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An Official Publication of the Indian Association of Oral and Maxillofacial Pathologists


 
  Table of Contents    
CASE REPORT  
Year : 2012  |  Volume : 16  |  Issue : 1  |  Page : 88-90
 

Second primary oral melanoma: A rare presentation


Department of Oral and Maxillofacial Pathology, Saraswati Dental College and Hospital, Lucknow, India

Date of Web Publication17-Feb-2012

Correspondence Address:
Meghanand T Nayak
Vyas Dental College and Hospital, KudiHoud, Pali Road, Jodhpur, Rajasthan
India
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Source of Support: None, Conflict of Interest: None


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   Abstract 

Melanomas are neoplasms of melanocytic origin. They are aggressive neoplasms with an unpredictable behavior, and can involve virtually any organ of the body. Oral melanomas are very rare and have an extremely poor prognosis. Early diagnosis and prompt treatment is the key to reduce the morbidity and mortality. A second primary tumor is a new primary tumor developing in a person with a history of tumor, in a new site or tissue and subsequent to the initial tumor. Patients with previous history of melanoma are associated with a higher risk of developing second primaries. A case of second primary oral melanoma in a 55-year-old female is reported here. The anachronistic presentation of the primary and the second primary lesions make this case clinically interesting. Noteworthy immunohistochemical findings were recorded, HMB-45 positive and S-100 negative.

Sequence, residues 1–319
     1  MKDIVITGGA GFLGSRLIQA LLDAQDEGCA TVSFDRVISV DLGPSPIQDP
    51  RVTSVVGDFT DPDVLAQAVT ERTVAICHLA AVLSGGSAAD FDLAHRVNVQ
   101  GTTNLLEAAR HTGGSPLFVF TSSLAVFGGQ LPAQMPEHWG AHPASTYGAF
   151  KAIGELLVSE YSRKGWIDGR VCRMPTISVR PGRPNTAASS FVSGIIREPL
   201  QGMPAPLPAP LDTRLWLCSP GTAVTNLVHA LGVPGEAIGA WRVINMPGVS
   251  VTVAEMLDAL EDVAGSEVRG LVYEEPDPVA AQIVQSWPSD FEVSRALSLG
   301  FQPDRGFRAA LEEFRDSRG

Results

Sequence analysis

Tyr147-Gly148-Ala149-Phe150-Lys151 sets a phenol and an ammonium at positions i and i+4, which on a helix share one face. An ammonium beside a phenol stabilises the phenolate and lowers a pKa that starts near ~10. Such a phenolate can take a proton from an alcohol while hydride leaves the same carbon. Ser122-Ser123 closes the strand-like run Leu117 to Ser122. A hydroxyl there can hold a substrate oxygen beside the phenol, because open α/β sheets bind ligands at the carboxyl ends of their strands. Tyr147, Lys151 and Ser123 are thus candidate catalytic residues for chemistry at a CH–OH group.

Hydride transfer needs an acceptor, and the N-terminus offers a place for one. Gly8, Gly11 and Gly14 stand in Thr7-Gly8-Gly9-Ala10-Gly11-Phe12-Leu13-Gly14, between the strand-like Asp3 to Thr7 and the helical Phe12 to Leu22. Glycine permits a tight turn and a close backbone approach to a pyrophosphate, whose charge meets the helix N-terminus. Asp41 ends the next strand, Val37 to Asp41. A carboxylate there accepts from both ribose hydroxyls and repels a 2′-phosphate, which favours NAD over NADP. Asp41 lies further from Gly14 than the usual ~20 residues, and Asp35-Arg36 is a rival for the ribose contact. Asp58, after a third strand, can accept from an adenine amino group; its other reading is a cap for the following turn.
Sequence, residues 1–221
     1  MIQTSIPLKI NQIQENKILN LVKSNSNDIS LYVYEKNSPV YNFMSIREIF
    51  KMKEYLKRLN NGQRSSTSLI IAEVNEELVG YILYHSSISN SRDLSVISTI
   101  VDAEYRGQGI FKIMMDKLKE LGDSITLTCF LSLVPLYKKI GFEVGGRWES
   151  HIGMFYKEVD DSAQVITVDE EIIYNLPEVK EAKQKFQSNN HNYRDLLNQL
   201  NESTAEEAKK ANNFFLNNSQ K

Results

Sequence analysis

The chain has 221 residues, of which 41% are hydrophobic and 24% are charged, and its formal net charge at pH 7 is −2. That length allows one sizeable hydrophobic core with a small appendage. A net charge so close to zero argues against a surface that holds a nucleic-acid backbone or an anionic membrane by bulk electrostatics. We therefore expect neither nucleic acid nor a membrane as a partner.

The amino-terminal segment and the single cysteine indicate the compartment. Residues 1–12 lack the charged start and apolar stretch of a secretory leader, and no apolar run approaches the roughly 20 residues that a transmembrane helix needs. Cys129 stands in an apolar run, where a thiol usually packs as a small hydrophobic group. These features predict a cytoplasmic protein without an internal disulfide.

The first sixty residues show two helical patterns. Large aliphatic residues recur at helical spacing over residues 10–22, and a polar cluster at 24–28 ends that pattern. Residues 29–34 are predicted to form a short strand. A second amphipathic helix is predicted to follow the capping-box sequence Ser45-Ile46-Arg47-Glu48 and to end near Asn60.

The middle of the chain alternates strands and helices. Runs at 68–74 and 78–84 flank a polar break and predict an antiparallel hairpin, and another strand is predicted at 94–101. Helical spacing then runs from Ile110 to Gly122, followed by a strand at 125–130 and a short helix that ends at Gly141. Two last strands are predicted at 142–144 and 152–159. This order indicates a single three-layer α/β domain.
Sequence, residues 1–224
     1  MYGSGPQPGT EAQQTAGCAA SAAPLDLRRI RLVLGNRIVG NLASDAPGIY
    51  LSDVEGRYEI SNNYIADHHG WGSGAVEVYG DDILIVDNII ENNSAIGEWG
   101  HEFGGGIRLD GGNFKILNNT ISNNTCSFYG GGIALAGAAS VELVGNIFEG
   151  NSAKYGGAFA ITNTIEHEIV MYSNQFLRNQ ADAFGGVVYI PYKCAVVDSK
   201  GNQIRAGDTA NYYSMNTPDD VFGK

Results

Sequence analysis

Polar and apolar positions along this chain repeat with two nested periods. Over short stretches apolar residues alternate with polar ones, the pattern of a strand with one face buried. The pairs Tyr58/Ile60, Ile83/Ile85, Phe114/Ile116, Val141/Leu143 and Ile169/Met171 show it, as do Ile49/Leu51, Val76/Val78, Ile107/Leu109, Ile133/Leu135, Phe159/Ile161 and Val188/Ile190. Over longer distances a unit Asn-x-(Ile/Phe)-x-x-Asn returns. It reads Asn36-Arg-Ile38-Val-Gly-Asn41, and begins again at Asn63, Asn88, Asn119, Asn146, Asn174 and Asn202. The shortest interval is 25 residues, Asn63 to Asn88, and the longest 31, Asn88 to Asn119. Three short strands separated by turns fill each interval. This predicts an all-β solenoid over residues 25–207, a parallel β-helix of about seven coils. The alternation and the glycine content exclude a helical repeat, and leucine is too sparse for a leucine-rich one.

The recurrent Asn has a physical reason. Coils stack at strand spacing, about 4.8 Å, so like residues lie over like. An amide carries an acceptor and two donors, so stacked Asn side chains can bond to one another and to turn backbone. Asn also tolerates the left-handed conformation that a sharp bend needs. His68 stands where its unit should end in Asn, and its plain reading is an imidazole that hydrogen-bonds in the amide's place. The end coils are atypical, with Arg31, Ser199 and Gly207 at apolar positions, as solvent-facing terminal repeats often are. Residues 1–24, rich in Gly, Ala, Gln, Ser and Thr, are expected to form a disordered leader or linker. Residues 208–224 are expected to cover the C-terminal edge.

Keywords: Buccal mucosa, follow-up, HMB-45, hard palate, oral melanoma, second primary malignancies


How to cite this article:
Nayak MT, Singh A, Mathur R M, Wadhwani P. Second primary oral melanoma: A rare presentation. J Oral Maxillofac Pathol 2012;16:88-90

How to cite this URL:
Nayak MT, Singh A, Mathur R M, Wadhwani P. Second primary oral melanoma: A rare presentation. J Oral Maxillofac Pathol [serial online] 2012 [cited 2019 Oct 18];16:88-90. Available from: http://www.jomfp.in/text.asp?2012/16/1/88/92980



   Introduction Top


Melanoma is a malignant neoplasm of the melanocytes, which are derived from neural crest cells. Although most melanomas arise from the skin, they may also arise from mucosal surfaces or other sites where neural crest cells migrate. [1]

Primary mucosal melanomas are exceptionally rare and accounts for only 0.2-8% of all melanomas. [2] Clinically, metastatic melanoma involving the skin appears as a dermal nodule or plaque-like lesion, often in close proximity to the primary tumor. [3] The development of second primary neoplasms in patients with cutaneous melanomas has been previously reported. Here, we are reporting first case of second primary oral melanoma.


   Case Report Top


A 55-year-old female reported to our institution complaining of a blackish discoloration on the left cheek since 5-6 months. Patient also complained of a feeling of discomfort during normal mastication in the region. The patient revealed that she was previously diagnosed as having melanoma on the anterior part of the hard palate and she had undergone partial maxillectomy followed by radiotherapy 7 years back.